guilt was weaponized dan major joins us from the vance johnson recovery center he talks about his recovery his various books including some assembly required a balanced approach to recovery from addiction and chronic pain breathing in mindfulness and the messaging we use with ourselves enjoy welcome to the illuminate recovery podcast we shed light on mental health issues mental illness and addiction recovery ways to cope manage and inspire beyond self-care we will discuss you may need the help of a licensed professional my name is kurt knighter i'm a husband father entrepreneur a handyman and a student of life i avoid conflict i deflect with humor and i'm fascinated by the human experience and i'm shelley mangum i am a clinical mental health counselor and my favorite role of all times is grandma i am a seeker of truth and i feel like life should be approached with tremendous curiosity i ask the dumb questions i fill in the gaps the illuminate recovery podcast is brought to you by illuminate billing advocates make billing and collections simple with leader in substance abuse and mental health billing services verification and analysis of benefits pre-authorizations utilization management accurate claim submission and management denial and appeal management and industry-leading reporting improve your practice's cash flow and your ability to help your clients with eliminate billing advocates today dan major is joining us i'm super excited to have dan dan is the author of some assembly required a balanced approach to recovery from addiction and chronic pain he's also the author of roots to wins mindful parenting in recovery he writes for psychology today does a blog on psychology today and he has a master's degree in social work he has a lot of other specialties and things that he brings to the table and dan super excited for you to come on today and share with us thank you so much shelly i'm delighted to be here let's um let's maybe start out by maybe sharing with our listeners some of your background um how did you end up in the recovery industry and um and and these books these titles to your books are pretty profound like these are intense when you couple addiction with pain and trying to manage that for people who have chronic pain that's a serious that's a serious thing that's pretty challenging and and i think we're still learning a lot about how to do that so i'd love to kind of hear your history of how you ended up kind of where you're at right now well it's uh it's been a fascinating circuitous adventure shelley in that um you know the social sciences were always where my head and and heart were um and i learned how to meditate when i was 16. that was uh that was over 45 years ago um and that was a really fortuitous turn of fate when my mother strongly suggested it to uh an impressively rebellious oppositional teenager and you know knowing that it could be helpful for me and although my initial inclination was to say no absolutely not i figured let me give her or once something to not push back against and then when it didn't work i could say see i told you so but i wouldn't be blamed for having dismissed it out of hand so so i learned a particular form of medic meditation and actually gravitated to it in a way that's that surprised me and so i've been meditating if there were there were a handful of years where i didn't do it regularly but basically i've had a daily meditation practice for over 40 years now i'm going to jump around a little bit and so so my daily meditation practice and and interest in in the connection between the mind and the body and the mind and the heart led me to increasingly be interested in other mindfulness practices and mind mindfulness as a general way of shifting the activity of our central nervous systems to effectively deactivate the sympathetic division of our autonomic nervous system uh basic and shift away from the stress or threat response which happens with disturbing consistency uh among the vast majority of people were caught up in in various often low-level states of stress anxiety fear and and so forth often that we're not even conscious of uh and and mindfulness and meditation as as a primary mindfulness practice help us to literally change the activity in our nervous system activating the parasympathetic division of the autonomic nervous system and engaging the uh the part of our body that's active during relaxation and and calming uh and that in and of itself is a significant mental and emotional as well as physical health intervention so so how does this relate to my interest in addiction and and moving into into that area in terms of professional endeavors well i mean basically even though i had been pretty successful in in school and you know in in sports in in high school graduated college with honors and and moved into what what was a very successful behavioral health career uh the bottom line is that i had been using substances all manner of substances although i had different phases and different preferences at at different times consistently since i was about 16. i started when i was 11 or 12 and used one thing or another often more than one thing almost every day from the time that i was 16 until 47 when i got to the point that i could no longer walk this tightrope of functionality um you know keep keeping my active addiction in check enough where i could you know maintain my job and career uh what had been a successful marriage relationships with two at that time teenage daughters and uh and it got it got to the point that that i fell off effectively fell off that that tightrope as everyone does inevitably when they when they use alcohol and and other mind and mood altering drugs for for for long for long enough the ability to uh to to balance oneself and live that live that double life always has an expiration date and i dragged mine out for as long as i possibly could until i had done enough damage to my my uh my marriage uh my uh my my career that i really had very few options but to consider can consider going into treatment myself spending some quality time on the other side of the desk and you know doing make doing what was required to pull my head out of the cozy but nonetheless comfortable confines of my of my butt and be willing to to take the incredibly uncomfortable but ultimately very healthy risk of um of changing my life dramatically and entering recovery and at this at this point i've i've been in recovery since uh the beginning of november 2006 so you know well over 14 years at at this point and so my professional work both both of the books in my psychology today blog as well as whatever whatever teaching and and trainings that i that i facilitate is very much informed by this combination of personal experience and you know professional education training and experience and and in terms of addiction and chronic pain as co-occurring disorders that's also an important part of my story because i was going along uh quite quite smoothly working a rigorous program at that time of alcohol and marijuana maintenance you know looking looking looking back on it retrospectively even though even though it didn't affect my career and didn't have many effects on other aspects of my life although obviously i couldn't be as emotionally available or as present centered as i as i would have been but this was a this was a smooth kind of gentle phase of my active addiction and then in 19 1998 i was diagnosed with chronic pain condition two herniated discs in my lumbar spine and i was offered prescriptions for very powerful opioids and this was this was shortly after prescribing practices had been changed dramatically such that people with you know who weren't coming out of surgery or had acute injuries where it was very short-term or had non-cancer pain were being prescribed all manner of of of opioids so in terms of the the opioid epidemic i was at the cutting edge of that um and even even though part of me knew that it was a terrible idea to to uh begin to take these medications another part of me figured well this is spectacular i get to use what has always ultimately been my particular substance of choice albeit in a different form and yet it's perfectly legal and completely medically sanctioned and i think i was able to take the medication as it was prescribed perhaps for two months and then and then and then it was uh running a race i was always behind in running out on a monthly basis uh self-detoxing effectively in a way that was increasingly horrific related to the withdrawals it was really my own form of of a torturous perverse menstrual cycle and it took eight years in order from for me to get to the place where again i had done enough harm to myself and those closest to me that uh that i needed to do something dramatically different and and i went to treatment in a place where at the time it was only one of three places in the united states that did treatment for co-occurring addiction and chronic pain and the medical director there is one of the foremost experts in the country if not the world dr mel pohl who's uh written widely and taught all over all over the world about uh about recovery from co-occurring addiction and chronic pain and so so that that became my initial model that i've since expanded and and built upon and i was able to do uh quite a bit of work we we did some mutual projects together dr paul and i and he was generous enough to write the forward for my first book some assembly required and gave the lovely endorsement for the second book roots and wings so so the writing that i do is really the sum total of all of these different experiences were as as we talked about in the preamble i real i have to believe that the universe has gifted me with these particular experiences including the desperation as we say in my 12-step program necessary to make the profound deeply difficult and uncomfortable changes that help me transition from active addiction into recovery in order to be able to be of service and teach teach what i know help to help others to understand this material and and apply it to the best of all of our abilities um wow quite quite the i mean i love i love your clinical background because it really helps to put some some more technical information in place to help people understand what's going on in the body in the brain so i love that background and that perspective i caught a few things as you were sharing your story and one of them is i've rarely heard anyone say hey when i was 16 my mom suggested i do um meditation i don't i don't hear that very often in the recovery industry so give me a little bit of background on your on your parents and maybe your family life when you were younger that would bring your mother to suggest that oh and and uh you know god bless my mother who who passed during the pandemic in april of not this past year but uh but by 2020 but both my parents were brilliant progressive individuals my father grew up incredibly poor during uh during the depression and became the epitome of a very successful self-made person and well well and the expectations were incredibly demanding and he was a very hard personality there was there was little physical abuse to uh to uh to speak of but there was a ton of verbal and emotional abuse that went along with that so i developed a wide range of defenses and self-protective mechanisms to go along to go along with that you know using claudia black's uh and sharon website are cruises uh paradigm related to family roles i even though i was the oldest of four kids born within six years i was absolutely the scapegoat and uh and played that role really well and you know it's it's one of the fortuitous uh aspects of my my life experience that i got to meet claudia black and worked closely with her for a period of several years uh in the uh 201 and teens and in fact uh she wrote a wonderful endorsement for roots and wings uh which is which is you know something that uh it's uh it's it's an exquisite blessing uh and so so getting back to to my experience you know i think my mother did the best the best she could and in part she was you know just trying to find a way to get me to be more okay and to help me somehow become less of an [ __ ] pardon my language because because even though again i you know it was i have this this long history of living kind of a double life and taking care of business really well in some areas while acting out in others and i you know i i did well in school i was a varsity athlete student council vice president uh but also also was a notorious pot dealer and and uh was act rebellious and oppositional in other ways and i think my mother was simply looking for potential solutions and uh and and so so came across this and thought well maybe this could be something that would be that would be helpful and as i mentioned i had an open enough mind or at least did want to provide an easy excuse i mean very very basically i've had i i always had an ambivalent relationship with with my with my parents and learning how to negotiate that has always been an incredible challenge i mean part of part of my experience is that i knew you know from from the time that i started my professional education i knew i wasn't a sociopath because i always felt extremely guilty when when i acted in ways that were that were inappropriate that created suffering for myself as well as as those around me and that's part of the deal with with my family too it was progressive jewish family and metropolitan new york and guilt was weaponized so you know one of one of the things i've learned really well and this has been reinforced in my 12-step program as well as in my professional education and experience is that you know the voices that our primary caregivers talk to us in and the messages that they give us the predominant prevalent messages become the voices in that we talk to ourselves in they become our internal voices and those messages become the messages that we tell ourselves and in fact my first my first sponsor uh put it in in these terms that the lies other people told us once about us once upon a time become the lies that we tell ourselves and uh that's that's so much so much speaks to the heart of the wounding that so many people experience those and those small t traumas and that you know one of the things that's become really apparent and and more and more research bears this out over the last 20 30 years is that whether or not people have experienced the so-called big t traumas you know us assaults physical or or sexual uh natural natural disasters acts of terrorism uh and you know and and and so forth almost everyone has experienced a variety of small t traumas in their formative in years their early childhood experience these small but significant tears in the fabric of connection where those that we that we are explicitly dependent upon physically and materially as well as emotionally simply aren't there for us emotionally if not if not also physically and those those tears in the fabric of connection uh acute accumulate over time and they they um have great meaning in how we view ourselves as worthwhile our sense of self sense of self-worth and and and self-esteem and uh and so so much of the healing that can benefit everyone and this is obviously significantly true of people uh who are struggling with active addiction or have have come or have come through that but it's true of the vast majority of of people it's simply part of being human especially in uh in in us and and western culture and mind mindfulness has has a really exquisite perspective on that experience so the natural normal automatic self-talk that's unconscious sends us the message i'm not good enough whereas mindfulness adds the exquisitely enhanced perspective that oh i notice that i'm having the thought that i'm not good enough it is a van you know a small difference in language perhaps but a vast difference in perspective and you know one one of the things we know is that when we change the way we look at things the things we look at change and that certainly includes how we view ourselves and coming coming to terms with who and how we are they're working working to progressively learn and grow and heal which is a lifelong process as far as i'm concerned and is really the definition of recovery in the in the big picture an ongoing process of learning growth and and healing but an essential aspect of that is coming to terms with learning to accept observe and be present with the parts of ourselves that we struggle with because everyone has them no matter how successful or immaculate they may look uh from from the from the outside everyone has their stuff everyone had you know struggles with certain stories that the continuous waterfall of thoughts and images that the human mind creates that drag them back into the past or propel them into the future taking them away from the present moment here and now which is where where recov you know recovery happens one day at a time it happens one moment at a time life happens in this moment right here right now and whenever we're somewhere else in the past or the future based on the seductive compelling stories our thoughts are are telling us we are unable to be skillful in this moment you know we're somewhere else with with other with other people and that's that's where so much of the mental emotional anguish and suffering comes in when we allow ourselves to get caught up in those stories because we we think them so we assume that they're true we we believe them and really they're just stories they're just they're just neurochemic neurochemically created past conditioned to a fair extent [ __ ] well dan you you talk about it like it's so easy right like like we just have to change our thoughts and we can change everything else but but the piece that's a little challenging i was talking to somebody the other day um and and they were you know they're starting a new relationship and they want to know if this is a good thing and and my suggestion was look you know you've talked about all of this trauma in the past and you've talked about relationship problems in the past and the idea that this person that you're engaging with doesn't like any of that stuff and they're you know dedicated to leaving that all behind the fact of the matter is it's within their system they've picked up on these cultural um dynamics right the mirror neurons in our bodies pick up on those that that when we get stressed and when we um are in situations we go into automatic pilot right our body and our mind shift in such a way that we're in automatic and we will repeat those patterns no matter how much we hated them no matter how much we're resolved to change them unless we can be aware of them and be mindful like you talked about and so it's linked in so many deep levels and the way the limbic brain and that protective brain or that you know survival part of our brain kicks in and links all of those pieces together like you talked about it's pretty complex and it takes an awful lot of effort but i i do absolutely agree with you that that meditation and mindfulness is the way to observe and recognize that these things you've done your whole life that seem normal because it's the only thing you knew actually are just like you said it's just a story in our mind it's just a reaction and we get to choose when we can slow it down enough to be aware it's going on exactly shelly and and and there's there's nothing easy about it it takes a tremendous amount of awareness as well as action to begin the process of changing these these well-worn patterns but uh one of the one of the beauties is uh is the existence of neuroplasticity where the more we practice being consciously aware when in the past we've been unconscious and in that form of automatic autopilot uh the more we practice conscious awareness and various forms of mindfulness the uh the more our neuroanatomy and chemistry changes through repetitive experience but it but it doesn't happen easily or quickly it had it's uh it happens over time certainly not overnight and it requires it requires you know the only way to get better at anything is to learn the techniques that work and to practice them with persistence and with when with consistency now knowing that that that the best we can do is be perfectly imperfect but uh but that's that's why this is effectively the work the work of a lifetime and you know so so much of these these patterns this past conditioning come from how we learn to you know there are our defense mechanisms or the ways the modes of self-protection that we learned that helped us maintain mental and emotional integrity and to survive whatever our experiences were but you know as as we know comes a time those those protective mechanisms no longer serve an adaptive purpose they know it's no longer about survival now they just now they just interfere with our ability to live life in a more direct and full way you know constraining our psychological flexibility and uh and limited limiting our our ability to tolerate this stress regulate our our emotions in ways that promote overall you know mental emotional and spiritual as well as physical well well-being um and you know some so much of a wonderful place to start for anyone who's interested you know is to simply become aware of what we're thinking because that that provides an instant separation of sorts from our thoughts instead of being the actor in the movie were were observing the movie um at a little bit of a distance and then we can make some conscious informed choices as to how we want to respond versus unconscious automatic reacting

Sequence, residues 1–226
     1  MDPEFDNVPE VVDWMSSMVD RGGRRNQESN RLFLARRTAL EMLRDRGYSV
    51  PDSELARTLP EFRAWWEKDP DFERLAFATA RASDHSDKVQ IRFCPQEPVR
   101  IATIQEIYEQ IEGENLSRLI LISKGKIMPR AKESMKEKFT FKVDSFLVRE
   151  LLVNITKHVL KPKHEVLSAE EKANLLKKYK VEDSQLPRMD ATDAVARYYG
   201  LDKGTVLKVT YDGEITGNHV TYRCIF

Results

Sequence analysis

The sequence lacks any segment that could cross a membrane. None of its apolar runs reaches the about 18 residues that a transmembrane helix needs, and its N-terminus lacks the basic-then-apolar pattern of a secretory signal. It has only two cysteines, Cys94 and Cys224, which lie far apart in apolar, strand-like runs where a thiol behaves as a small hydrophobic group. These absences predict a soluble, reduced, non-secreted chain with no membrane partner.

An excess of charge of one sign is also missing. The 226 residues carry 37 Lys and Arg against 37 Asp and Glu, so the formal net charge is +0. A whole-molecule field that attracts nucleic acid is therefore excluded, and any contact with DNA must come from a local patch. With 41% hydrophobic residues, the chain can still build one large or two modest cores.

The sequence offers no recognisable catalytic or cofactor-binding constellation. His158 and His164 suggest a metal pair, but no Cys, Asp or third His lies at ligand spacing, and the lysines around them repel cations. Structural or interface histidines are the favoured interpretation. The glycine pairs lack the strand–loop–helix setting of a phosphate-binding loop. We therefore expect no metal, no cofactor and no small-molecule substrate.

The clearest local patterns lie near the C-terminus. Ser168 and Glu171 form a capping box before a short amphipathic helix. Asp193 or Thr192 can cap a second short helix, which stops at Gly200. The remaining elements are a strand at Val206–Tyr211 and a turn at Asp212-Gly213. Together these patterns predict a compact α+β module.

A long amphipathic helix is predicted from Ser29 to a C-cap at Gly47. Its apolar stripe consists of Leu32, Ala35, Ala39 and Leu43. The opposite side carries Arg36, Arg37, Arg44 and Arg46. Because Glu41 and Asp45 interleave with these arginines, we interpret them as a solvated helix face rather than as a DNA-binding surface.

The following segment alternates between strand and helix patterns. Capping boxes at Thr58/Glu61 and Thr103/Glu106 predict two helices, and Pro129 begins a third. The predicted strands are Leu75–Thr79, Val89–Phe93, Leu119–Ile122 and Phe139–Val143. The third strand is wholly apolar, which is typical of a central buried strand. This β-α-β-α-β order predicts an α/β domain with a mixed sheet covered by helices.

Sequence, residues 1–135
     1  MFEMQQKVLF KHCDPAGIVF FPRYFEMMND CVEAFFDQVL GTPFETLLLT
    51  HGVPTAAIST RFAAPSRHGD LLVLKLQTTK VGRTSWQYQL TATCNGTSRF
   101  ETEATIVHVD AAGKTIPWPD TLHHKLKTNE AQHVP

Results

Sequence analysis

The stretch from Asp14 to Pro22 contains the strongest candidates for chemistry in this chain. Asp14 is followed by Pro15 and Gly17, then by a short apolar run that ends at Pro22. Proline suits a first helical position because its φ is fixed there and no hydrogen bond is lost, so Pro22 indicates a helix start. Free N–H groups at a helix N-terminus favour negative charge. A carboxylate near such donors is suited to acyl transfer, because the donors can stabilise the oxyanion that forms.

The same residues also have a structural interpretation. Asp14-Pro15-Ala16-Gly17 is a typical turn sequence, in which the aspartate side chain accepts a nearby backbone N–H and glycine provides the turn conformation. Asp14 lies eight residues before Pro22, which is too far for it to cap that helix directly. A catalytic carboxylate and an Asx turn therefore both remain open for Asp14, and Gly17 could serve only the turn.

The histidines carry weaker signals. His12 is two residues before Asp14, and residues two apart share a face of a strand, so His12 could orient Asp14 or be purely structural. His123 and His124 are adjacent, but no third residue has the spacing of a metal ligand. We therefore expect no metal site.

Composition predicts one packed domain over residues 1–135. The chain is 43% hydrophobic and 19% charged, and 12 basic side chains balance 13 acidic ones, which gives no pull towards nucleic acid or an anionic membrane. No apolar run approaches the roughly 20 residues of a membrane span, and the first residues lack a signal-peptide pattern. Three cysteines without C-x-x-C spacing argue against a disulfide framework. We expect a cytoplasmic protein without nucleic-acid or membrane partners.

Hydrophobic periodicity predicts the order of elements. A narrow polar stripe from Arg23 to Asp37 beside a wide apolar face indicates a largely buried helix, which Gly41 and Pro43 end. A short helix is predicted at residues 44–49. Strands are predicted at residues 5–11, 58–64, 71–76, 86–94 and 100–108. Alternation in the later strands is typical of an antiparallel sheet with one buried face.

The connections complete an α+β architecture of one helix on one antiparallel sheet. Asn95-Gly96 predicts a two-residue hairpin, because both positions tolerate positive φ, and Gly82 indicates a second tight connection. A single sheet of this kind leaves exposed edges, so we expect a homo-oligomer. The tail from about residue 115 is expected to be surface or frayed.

but but another wonderful skill is simply to tune in to the quality of our breathing to become consciously aware of it and to slow and deepen our breathing just even taking three or four slow deep breaths on our inhale and breathe out fully and completely on our exhale because one of the things that happens in the body when we're caught up in various states of anxiety fear and stress is that uh part of the body's preparation for flight fight or freeze in which which is which is what's happening when we're in that stress or threat response mode our breathing becomes fast and shallow and that that helps us prepare to run away to fight to protect ourselves uh and and so we can counteract that process by becoming consciously aware of our breathing and intentionally shifting the quality of our of our breathing and just you know as an example of how challenging this stuff is i've been meditating daily for 40 years and i've been i've been practicing these other these other techniques these other skills for 15 or 20 years including intentional breathing and any given day there are multiple times during the day where where i catch myself oh um my thoughts are telling me some crazy stories which don't have anything to do with what's happening right here and right now let me bring my attention back back to the present oh what's my breathing like oh my you know i'm consistent with the stories uh i'm caught up in uh my breathing is is out of balance it's faster and shallower let me take a few moments and just focus on making it slower and deeper you know and earlier on in my practice i would be very self-critical impart consistent with the messages that i received once upon a time you know i'm not doing it right i should be better at this by now i should be more advanced more skillful and so forth but one of the things i've learned is that it's simply part of the process and it's part of the human condition uh and uh and and so so now now it's it's no big deal and so you know related to what i was talking about before such an essential part of the overall healing process and this has been reinforced in my personal recovery as well is learning self-acceptance when we can accept ourselves the good the bad and the ugly you know while making a good faith effort to improve in the ways that we can but accept ourselves even with all of our challenges all of our areas of difficulty our relative weaknesses that that is an essential part of the path of healing and death well i think it's vital what you share is that without that acceptance really i don't know that much healing happens because there's always that voice in the back of your head that says it may be true for everybody else but it's not for me and so that acceptance is a really big piece of of having self love i had somebody we were we were doing a podcast here not too long ago and somebody was talking about how their perception of a scripture um in the bible that said do unto others as you do unto yourself or you know be kind to your neighbor as like you would be kind to yourself that that scripture that became very different to them in the sense of it wasn't just to be kind to your neighbor and do good to others but it was you've got to do it to yourself too you've got to love yourself and be kind to yourself too so that came up for me i am i'm curious dan i've got this burning question that i suspect other people are wondering too is is that you've been doing meditation for 40 years and you started it at age 16 on some level and have been doing it you know found value in it but it wasn't enough to stop you from using from using and self-medicating but i imagine it had a played a role can you talk about what that looked like in your life as you practiced meditation and how it shifted as you became sober uh that's that's a great question shelley and in fact so my experience is an excellent example of how meditation won't won't uh get anyone clean clean uh indoor and or sober but once once i made the commitment to to find and keep recovery you know meditation is integrated into the 11th step of the 12-step programs we saw it through prayer and meditation to improve our conscious contact with god with our higher power as we understand that um and and uh so so it was clear to me that my previous experience would be a wonderful resource that i could draw upon to enrich and deepen my the quality of of my recovery and and in fact in the you know one of the things that i've experienced is that a great many people and i've been i've i've been blessed to know and consider my friends hundreds of people in recovery from from every state in the us from different countries in the world many of whom have 20 25 30 35 40 and more years of recovery but because meditation you know has this mystique uh and it's it and and it's so different for so many people that even even many people with long-term recovery have had difficulty accessing it making it part of their of their recovery never mind their their daily practice so this was simply a a significant advantage that uh that that i was that i was gifted with um and and you know and it's and it's funny it's like you know there are many stories this is actually i think in the introduction of some assembly required but there are so many wonderful stories about people who overcame their act of addiction went on to become addiction counselors behavioral health professionals and so forth well like so much else in my life i did things very ass backwards and uh you know up until the tail end of my active addiction i had been a very successful behavioral health professional including working in addiction treatment and then then i found recovery would have been would have been simpler and more straightforward easier in some respects if i had gone the conventional route but uh that wasn't in the cards for me i'm just i'm just thinking about you as this very successful behavioral health practitioner who's in the throes of addiction teaching others to recover from addiction did that feel like a double bind for you a little bit absolutely you know when when i allowed myself to to consider it consciously and you know i i kept it at a distance uh an awful lot of the time uh you know intellectualization being my favorite defense mechanism personally deep down part of me absolutely felt like a hypocrite and that was you know that was always really always really challenging which was why i didn't allow it conscious even the thoughts conscious expression much much of the time but uh but you know my career wore the manifestations of significant degrees of success you know promotions and excellent performance evaluations including 360 degree performance evaluations and and partnerships with uh with many significant people in the in the community in terms of the health behavioral health and and and government uh uh governmental quarters of the communities where i lived in new york and tucson prior prior to this happening and now i've been in las vegas for for 12 years um but uh you know one of one of the beauties of recovery is that is that uh that's that's a struggle i no longer have and do not have to have to have to worry about it doesn't take up to space in my in my thinking or way on my on my uh on my consciousness or my conscience for that matter yeah which is heavy that's heavy um so i'm i'm wondering and this is an interesting you may may not have the answer to this this question but you're teaching addiction recovery principles and skills while and i can tell that there's a lot of um avoidance of your own you know your own situation while you're in that well you're using and in that space but you're teaching all these skills you're very familiar with them you've got a pretty good handle on them but in and of itself that wasn't enough to um recover from your own addiction and your own patterns i'm curious what was what was and you've probably talked about this a little bit but what made that shift for you what do you feel like changed well ultimately um ultimately uh i got in i got in trouble with the uh with the licensing board in the state of arizona where i was practicing at that at that time um and and to her credit my my ex-wife had been telling me for many years you're an addict and you need to do something about it and impart aided by my professional education experience and success i had exquisite lines of rationalization and intellectualization and you know one other one of the bottom lines shelly is that is that hero also you know related to neuroplasticity the neuronal connections related to using the need for reward and relief was so deeply ingrained in in my in my neural anatomy and as well as you know my my life experience that the idea of of not doing that the idea of not using on a daily basis even if it was you know always after work at that time was was really inconceivable to me and it was it was it was terrifying also and we know that that that the familiarity is always much more comfortable than the unknown and that's one of the dynamics that keeps people stuck in a place of that that that is often deeply unhealthy and sometimes quite literally dangerous it's it's one of the reasons why people stay mired in active addiction for as long as as they do it's what keeps people uh in in violent absolutely dangerous relationships when people are telling them you have to get out you're gonna get more seriously injured you're going to get killed and even even with the various facets of denial and minimization on some level deep down the the individual has some sense of that but but the uncertainty of the unknown is is more scary than the certainty of the horror that they know with everything that goes along with it and that's one of the reasons why it's so profoundly difficult to make uh significant life and lifestyle changes like like that well and i love the way you describe that and hopefully those questions did not come across as any kind of criticism but more lending to the power of addiction and just how profound and how influential it is and and you're right those reward centers and the bodies saying yeah now we're going to protect this at all cost because we need this and and we need this self medication and and and then the rationalizations that we you know i'm successful and it's not involved you know it's not it's not compromising my relationships and my work enough right and the pain is not enough but addiction is powerful and you're exactly right so i didn't ever want that to come across this criticism but just addiction is so powerful um i do i have another question for you dan that i'm curious about you said that you come from a jewish background um and and so i i don't know what kind of you know length or um what kind of practices that you had in your home on a religious basis but i'm curious how that has influenced you you know there's a lot of people that talk about little t traumas like you mentioned in some of those shaming controlling environments right that sometimes religion can can bring um but also does it play a role now and what does that look like now um you know that's that's a that's a good question shelley and uh no worries on your previous question uh by by the way um you know we were we were not deeply religious and that was an area that i rebelled against uh really is from the from the time that i became uh that that relig any sort of religious or observance was kind of foisted on me um and in fact i was uh you know so and we uh so we were more although you know we we were affiliated with the synagogue and and went on sundays when i when i was a kid um it was never something that was that was going to permeate very very much for from me and in fact uh as a result of acting out primarily being a class clown and and so forth and being oppositional i successfully was was uh booted from hebrew school when i was in sixth grade and so uh i was bar mitzvahed having memorized uh cassette tapes that were made for me of the hebrew portions so well that i could recall a significant parts of them five six six years later but uh but my bar mitzvah was also my retirement from any involvement in organized religion and you know i consider myself a deeply spiritual but not at all religious person and you know i identify with judaism culturally rather than rather than religiously in my in my first marriage and now in my second uh and with with with with our kids from my first marriage he always um my wives have been have been non-jewish so we've we've celebrated as an adult i've celebrated the the big jewish as well as the christian holidays you know we did we did christmas and hanukkah we did we we did we do passover and and easter fascinating you talked about this idea that spirituality has become a really big piece separate from religion which i like that distinction and i'm going to just note one of the chapters in your book that that's called if you meet buddha if you meet the buddha say hello um talk a little bit about maybe what's what that's what's behind that and then how spirituality has played a role for you well that was that was such a remarkable experience um you know as as uh as that uh as that passage details i recently uh graduated uh from my undergraduate work at the university of california in santa cruz and a friend and i were preparing for a backpacking trip in the desolation wilderness in lake tahoe and we stopped at a safeway in south lake tahoe to uh put together some supplies including you know in including uh an excellent value uh based uh cabernet more than more than one bottle to go with the steak that we were purchasing and our and our uh our uh dessert which was uh northern california since maya and so so uh um well what i get on i get online and you know even i have to tell you shelley even after 40 years of daily meditation my patience is still pretty limited as a personal attribute that will be a work in progress over the course of the rest of my life i'm certain so like like a lot of people waiting in line at the grocery store to check out is is no fun and we just want to get through it as as quickly as absolutely possible and the line next to me i look over and uh and there's this cashier and he's he's short he's he's impressively overweight he's bald he's got these really thick coke bottle type black corn rim glasses on and he is having the greatest time you know he's he engages everyone that that he's checking out in this in this wonderful warm sort of emotional bear hug of a of a greeting and he's got this incredible twinkle in in his eye and i was i was drawn to it kind of like a moth to a flame to to my amazement i got out of the line i was in and got on a longer line first time and only time i'd ever done that in my whole life because whatever this phenomenon was i wanted to experience it in a more direct and and a close way so uh so and this this person he was so he was so in tune with with the universe it seemed to me it was almost like he was floating a few inches above the ground even though obviously gravity was a significant influence on him given his uh given his physicality but i get up to him and and and i and he greets me in this you know same warm wonderful uh it's it's it's great to see you my my old friend sort of way that he greeted everyone else and and i looked at him and i just said you know it's it's great to see someone who really seems to know how to enjoy life and and he looked it looked at me low you know he leaned towards me lowered his voice a little bit and said uh and it doesn't cost anything extra and i was i was like holy [ __ ] i mean it was it was so brilliant and so wise and and and profound you know it was it was as if he really was some sort of incarnation of something resembling the buddha or this this highly evolved incredibly present centered being uh and uh and you know and as i wrote it was you know in in that moment uh it was kind of like i i knew everything i'd ever need to know and like like always happens i forgot it soon soon thereafter and and so i mean we can most most of us know a great deal we have a tremendous amount of information knowledge wisdom and and resources that we have access to internally and otherwise part of the human condition and part of the challenges related to active addiction but all forms of human challenge is that we forget what we know and we forget it easily and regularly and so part a big part of of being conscious and being skillful whatever our challenges may be is remembering what we know so that we can apply it when we need to in the unfolding moments of our lives and that's that's how we can become much more aware and much much more skillful dan i love that story um i love that story and isn't it interesting how we can shift and things can shift for us and just these simple moments and often it has to do with connection with another person super powerful um you know we could we could probably talk all day i would highly recommend that um that our listeners read some assembly required and roots to wins those books that you have written because i think there's a ton of wisdom in there we've only you know barely scratched anything there but i love i love what you bring to the table i love hearing your journey and i appreciate you sharing i'm wondering if um if people if people that are listening want to connect with you and talk more what's a good way for them to connect they can reach out to me uh via my website which is which is dan at mindful healing four the number which is the number four life dot com the mindful healing the number four life dot com excellent i suspect there's people that are gonna wanna pick your brain and and utilize some of your experience as well as your your knowledge and wisdom around those meditation and mindfulness and um and your journey so i love that you're willing to share that with us today and um i just appreciate your time thank you so much shelley oh the the other access point um for for listeners would be my psychology today blog which is also titled some assembly required and there's a there's a a mechanism through which uh people can reach out to me uh via via inquiries uh in connection with the blog and i love that you're right for for psychology today that's a pretty um well-known um platform um and says a lot about you so thanks for sharing that as well um this has been a pleasure and and i i have to say i love the name of your book some assembly required that that really brings true to me in so many ways when we're talking about healing and the human experience and um and our approach to that so i again just really appreciate your your comments today thank you so much shelly it's been a pleasure meeting with you and being with you and if at any point uh it would be helpful for us to continue this discussion by all means i would look forward to it that would be fantastic i would love